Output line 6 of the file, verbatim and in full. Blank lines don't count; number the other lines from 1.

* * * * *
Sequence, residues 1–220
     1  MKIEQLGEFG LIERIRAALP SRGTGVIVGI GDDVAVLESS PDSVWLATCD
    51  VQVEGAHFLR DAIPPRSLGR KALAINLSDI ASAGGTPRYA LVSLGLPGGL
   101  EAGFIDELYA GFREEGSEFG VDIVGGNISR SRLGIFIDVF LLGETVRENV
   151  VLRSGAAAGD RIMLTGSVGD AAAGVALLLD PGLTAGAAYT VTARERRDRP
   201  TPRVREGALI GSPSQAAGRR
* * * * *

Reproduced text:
   201  TPRVREGALI GSPSQAAGRR